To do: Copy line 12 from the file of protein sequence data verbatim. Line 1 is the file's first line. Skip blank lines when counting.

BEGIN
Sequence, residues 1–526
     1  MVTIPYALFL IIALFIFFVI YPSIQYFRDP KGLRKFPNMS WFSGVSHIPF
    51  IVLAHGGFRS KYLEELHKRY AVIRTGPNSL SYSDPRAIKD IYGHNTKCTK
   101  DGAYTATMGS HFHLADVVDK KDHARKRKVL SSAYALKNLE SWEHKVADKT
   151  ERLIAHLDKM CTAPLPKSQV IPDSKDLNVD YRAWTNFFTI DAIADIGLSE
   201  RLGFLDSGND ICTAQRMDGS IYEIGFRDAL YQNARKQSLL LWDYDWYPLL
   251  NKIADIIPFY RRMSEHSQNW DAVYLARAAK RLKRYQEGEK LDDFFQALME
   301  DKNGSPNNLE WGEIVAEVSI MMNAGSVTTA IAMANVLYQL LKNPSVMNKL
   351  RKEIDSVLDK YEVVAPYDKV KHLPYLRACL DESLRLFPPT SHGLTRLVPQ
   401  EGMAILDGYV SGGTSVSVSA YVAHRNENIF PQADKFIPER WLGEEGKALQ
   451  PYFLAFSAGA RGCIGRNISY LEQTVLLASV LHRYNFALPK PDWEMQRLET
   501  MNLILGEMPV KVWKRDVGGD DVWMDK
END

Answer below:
   501  MNLILGEMPV KVWKRDVGGD DVWMDK